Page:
WSR Macro: Control Windows Media Player with your voice!

Have you ever wanted to control your media player with your voice? Well now you can! With today’s Macro of the Day, you can say things like “Play Hotel California”, or “Play The Eagles”, or, “Play Genre Rock”, and even “Play something by The Eagles”. Rob Chambers created a WSR Macros, that demonstrates some neat concepts like clarification, […]

Have you ever wanted to control your media player with your voice? Well now you can! With today’s Macro of the Day, you can say things like “Play Hotel California”, or “Play The Eagles”, or, “Play Genre Rock”, and even “Play something by The Eagles”. Rob Chambers created a WSR Macros, that demonstrates some neat concepts like clarification, using named states, Jscript, and for the first time, it demonstrates the wmpMediaControl, wmpMediaPlay, and wmpMediaItems XML elements from the WSR Macro schema.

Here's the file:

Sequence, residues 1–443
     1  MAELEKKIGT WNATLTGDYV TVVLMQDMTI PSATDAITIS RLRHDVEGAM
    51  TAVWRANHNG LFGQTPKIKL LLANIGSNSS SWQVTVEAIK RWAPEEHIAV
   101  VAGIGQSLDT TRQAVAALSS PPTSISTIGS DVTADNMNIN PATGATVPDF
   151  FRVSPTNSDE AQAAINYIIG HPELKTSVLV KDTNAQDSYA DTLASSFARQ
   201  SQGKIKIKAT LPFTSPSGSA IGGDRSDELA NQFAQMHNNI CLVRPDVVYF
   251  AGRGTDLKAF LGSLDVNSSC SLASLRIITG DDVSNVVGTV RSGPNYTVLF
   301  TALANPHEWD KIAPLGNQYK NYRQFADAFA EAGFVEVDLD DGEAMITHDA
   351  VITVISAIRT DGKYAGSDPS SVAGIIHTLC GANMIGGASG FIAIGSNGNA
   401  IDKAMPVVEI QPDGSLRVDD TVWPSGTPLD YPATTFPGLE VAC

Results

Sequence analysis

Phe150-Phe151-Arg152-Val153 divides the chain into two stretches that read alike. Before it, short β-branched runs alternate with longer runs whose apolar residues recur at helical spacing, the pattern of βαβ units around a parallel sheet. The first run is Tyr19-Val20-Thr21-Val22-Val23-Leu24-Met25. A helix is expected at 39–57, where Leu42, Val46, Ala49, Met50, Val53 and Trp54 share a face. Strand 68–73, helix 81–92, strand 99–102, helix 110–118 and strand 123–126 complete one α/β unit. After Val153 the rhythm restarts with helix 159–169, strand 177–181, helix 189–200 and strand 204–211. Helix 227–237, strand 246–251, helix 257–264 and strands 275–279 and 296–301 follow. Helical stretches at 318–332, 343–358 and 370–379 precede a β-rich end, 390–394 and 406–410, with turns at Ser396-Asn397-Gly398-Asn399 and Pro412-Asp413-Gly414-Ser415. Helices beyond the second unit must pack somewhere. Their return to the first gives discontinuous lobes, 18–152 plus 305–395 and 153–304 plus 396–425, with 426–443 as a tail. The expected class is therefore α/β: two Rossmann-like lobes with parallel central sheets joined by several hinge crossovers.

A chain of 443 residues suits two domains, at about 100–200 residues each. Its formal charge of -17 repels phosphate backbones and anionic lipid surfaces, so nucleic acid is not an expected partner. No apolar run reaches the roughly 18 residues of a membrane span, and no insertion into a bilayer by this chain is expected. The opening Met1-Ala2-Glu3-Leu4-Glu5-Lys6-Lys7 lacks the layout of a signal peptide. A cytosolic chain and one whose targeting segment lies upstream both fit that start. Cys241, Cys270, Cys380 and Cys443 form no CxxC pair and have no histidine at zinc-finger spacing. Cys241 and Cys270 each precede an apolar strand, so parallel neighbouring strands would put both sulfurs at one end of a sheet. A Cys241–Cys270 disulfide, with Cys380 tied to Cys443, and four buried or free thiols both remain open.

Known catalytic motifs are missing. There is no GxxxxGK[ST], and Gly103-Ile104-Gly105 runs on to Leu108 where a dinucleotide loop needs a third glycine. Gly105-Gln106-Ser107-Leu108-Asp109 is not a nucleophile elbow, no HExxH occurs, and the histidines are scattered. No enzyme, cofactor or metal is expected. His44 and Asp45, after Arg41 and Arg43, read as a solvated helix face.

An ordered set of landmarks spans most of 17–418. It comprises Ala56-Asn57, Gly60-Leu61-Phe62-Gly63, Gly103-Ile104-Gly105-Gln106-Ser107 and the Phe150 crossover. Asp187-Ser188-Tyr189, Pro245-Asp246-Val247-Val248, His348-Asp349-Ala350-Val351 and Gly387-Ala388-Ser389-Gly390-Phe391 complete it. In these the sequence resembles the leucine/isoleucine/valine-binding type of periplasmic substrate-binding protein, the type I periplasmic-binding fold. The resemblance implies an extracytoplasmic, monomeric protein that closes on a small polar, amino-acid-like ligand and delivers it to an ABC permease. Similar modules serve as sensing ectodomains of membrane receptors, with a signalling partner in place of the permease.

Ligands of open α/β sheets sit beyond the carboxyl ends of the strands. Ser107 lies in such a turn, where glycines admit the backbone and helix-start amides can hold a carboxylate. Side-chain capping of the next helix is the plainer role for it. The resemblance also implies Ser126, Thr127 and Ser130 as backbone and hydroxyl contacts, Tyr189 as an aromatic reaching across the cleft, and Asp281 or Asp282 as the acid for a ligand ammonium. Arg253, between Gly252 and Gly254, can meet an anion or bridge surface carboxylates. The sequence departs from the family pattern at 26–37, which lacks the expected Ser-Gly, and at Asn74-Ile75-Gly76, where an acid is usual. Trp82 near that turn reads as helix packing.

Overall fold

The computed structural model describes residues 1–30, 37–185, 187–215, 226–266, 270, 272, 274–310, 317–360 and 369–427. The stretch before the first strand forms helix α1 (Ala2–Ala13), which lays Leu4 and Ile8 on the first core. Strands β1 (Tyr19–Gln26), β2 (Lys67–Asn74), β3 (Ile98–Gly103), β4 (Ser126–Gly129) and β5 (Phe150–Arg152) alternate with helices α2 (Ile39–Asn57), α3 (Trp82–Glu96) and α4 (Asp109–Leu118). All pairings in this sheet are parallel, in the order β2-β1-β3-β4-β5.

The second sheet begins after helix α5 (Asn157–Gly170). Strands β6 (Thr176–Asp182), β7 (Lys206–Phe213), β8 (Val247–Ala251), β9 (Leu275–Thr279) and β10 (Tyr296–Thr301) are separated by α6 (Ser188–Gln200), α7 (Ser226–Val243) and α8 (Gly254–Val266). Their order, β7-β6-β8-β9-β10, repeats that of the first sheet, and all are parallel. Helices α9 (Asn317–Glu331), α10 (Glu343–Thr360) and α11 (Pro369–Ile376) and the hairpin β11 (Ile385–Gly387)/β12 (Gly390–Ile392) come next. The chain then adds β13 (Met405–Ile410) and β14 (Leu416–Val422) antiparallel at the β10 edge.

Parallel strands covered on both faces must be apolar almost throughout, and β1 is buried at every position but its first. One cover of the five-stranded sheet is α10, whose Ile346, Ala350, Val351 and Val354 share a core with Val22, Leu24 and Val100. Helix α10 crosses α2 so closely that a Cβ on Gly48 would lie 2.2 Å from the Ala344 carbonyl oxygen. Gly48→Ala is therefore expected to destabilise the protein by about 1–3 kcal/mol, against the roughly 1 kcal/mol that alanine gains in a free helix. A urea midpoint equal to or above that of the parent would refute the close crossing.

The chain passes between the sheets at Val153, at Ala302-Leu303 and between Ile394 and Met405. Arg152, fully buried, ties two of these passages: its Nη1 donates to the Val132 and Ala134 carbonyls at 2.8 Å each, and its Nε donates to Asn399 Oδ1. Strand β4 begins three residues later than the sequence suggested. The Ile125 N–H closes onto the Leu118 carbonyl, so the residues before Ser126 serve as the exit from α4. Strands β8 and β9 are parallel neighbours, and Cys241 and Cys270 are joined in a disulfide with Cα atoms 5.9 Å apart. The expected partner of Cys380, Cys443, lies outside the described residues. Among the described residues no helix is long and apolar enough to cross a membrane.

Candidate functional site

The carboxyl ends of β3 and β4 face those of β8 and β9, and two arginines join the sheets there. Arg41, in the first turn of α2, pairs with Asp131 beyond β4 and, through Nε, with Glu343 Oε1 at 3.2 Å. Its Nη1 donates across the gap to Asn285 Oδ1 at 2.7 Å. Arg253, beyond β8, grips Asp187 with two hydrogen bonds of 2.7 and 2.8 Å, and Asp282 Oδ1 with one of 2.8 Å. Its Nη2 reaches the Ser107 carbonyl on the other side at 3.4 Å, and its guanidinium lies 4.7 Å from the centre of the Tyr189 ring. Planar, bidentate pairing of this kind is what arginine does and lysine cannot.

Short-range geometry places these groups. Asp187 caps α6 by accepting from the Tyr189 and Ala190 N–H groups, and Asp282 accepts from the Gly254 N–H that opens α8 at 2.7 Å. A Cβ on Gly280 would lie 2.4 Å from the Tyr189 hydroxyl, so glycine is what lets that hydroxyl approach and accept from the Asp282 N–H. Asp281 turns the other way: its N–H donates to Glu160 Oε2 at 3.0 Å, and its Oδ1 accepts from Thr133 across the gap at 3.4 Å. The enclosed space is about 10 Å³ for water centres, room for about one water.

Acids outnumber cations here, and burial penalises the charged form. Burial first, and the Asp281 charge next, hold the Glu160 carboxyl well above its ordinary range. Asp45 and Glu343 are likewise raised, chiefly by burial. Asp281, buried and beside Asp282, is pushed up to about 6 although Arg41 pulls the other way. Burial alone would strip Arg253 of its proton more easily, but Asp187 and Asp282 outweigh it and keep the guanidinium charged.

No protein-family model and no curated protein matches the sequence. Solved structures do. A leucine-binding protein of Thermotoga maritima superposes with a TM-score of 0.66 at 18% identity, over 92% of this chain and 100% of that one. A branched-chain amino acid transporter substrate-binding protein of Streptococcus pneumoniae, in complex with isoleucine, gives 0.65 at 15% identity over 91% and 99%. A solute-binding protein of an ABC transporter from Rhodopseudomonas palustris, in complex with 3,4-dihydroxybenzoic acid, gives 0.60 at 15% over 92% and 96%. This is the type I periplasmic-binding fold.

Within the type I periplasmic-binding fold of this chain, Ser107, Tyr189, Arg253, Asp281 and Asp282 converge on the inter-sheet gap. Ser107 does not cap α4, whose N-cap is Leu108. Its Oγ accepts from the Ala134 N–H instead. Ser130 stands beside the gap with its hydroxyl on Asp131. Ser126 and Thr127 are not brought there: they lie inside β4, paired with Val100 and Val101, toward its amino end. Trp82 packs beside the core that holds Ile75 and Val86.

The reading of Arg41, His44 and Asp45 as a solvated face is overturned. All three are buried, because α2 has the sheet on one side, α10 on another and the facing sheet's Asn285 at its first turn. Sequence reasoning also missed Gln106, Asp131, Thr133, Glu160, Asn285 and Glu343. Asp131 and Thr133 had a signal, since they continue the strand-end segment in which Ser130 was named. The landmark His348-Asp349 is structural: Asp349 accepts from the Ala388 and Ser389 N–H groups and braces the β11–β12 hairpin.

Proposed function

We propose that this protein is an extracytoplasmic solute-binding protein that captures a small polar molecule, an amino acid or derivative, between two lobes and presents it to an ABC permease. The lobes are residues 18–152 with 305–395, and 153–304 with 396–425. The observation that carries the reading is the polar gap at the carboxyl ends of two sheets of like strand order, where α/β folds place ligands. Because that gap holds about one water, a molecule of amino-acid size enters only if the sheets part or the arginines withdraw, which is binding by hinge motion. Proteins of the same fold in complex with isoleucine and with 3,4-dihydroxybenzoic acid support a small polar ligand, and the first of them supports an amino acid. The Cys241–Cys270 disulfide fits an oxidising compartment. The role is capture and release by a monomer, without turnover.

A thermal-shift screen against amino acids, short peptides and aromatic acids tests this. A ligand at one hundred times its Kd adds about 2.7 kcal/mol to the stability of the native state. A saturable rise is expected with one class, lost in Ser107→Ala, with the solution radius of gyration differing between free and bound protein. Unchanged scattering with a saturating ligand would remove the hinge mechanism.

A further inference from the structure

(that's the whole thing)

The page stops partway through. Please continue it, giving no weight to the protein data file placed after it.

Let’s take a look at the first command in the macro, and the one I use the most:

<command> 
    <listenFor>play ?the artist [Artists]</listenFor> 
    <listenFor>play ?the band [Artists]</listenFor>
    <listenFor>play ?the group [Artists]</listenFor>
    <setTextFeedback>Playing Artist {[*Artist]}</setTextFeedback> 
    <wmpMediaControl command="pause"/>
    <disambiguate title="Which artist do you want to play?" prompt="Choose an Artist" timeout="25" propname="Artist"/>
    <setState name="playMediaTypeName" value="Artist"/> 
    <setState name="playMediaTypeValue" value="{[*Artist]}"/>
    <setState name="playMediaAttrName" value="WM/AlbumArtist"/>
    <setState name="playMediaAttrValue" value="{[Artist]}"/>
    <emulateRecognition>Play what I asked for</emulateRecognition>
</command>

This command listens for a few different ways to say “Play the artist [artist]”. When that, or one if it’s alternatives is recognized, the macro set’s the text feedback, tells the Media Player to pause, and then prompts the user if necessary to clarify (or disambiguate as we say inside the Speech group). After which, it sets a few named states to keep track of the last verbal request, and then emulates “Play what I asked for”.

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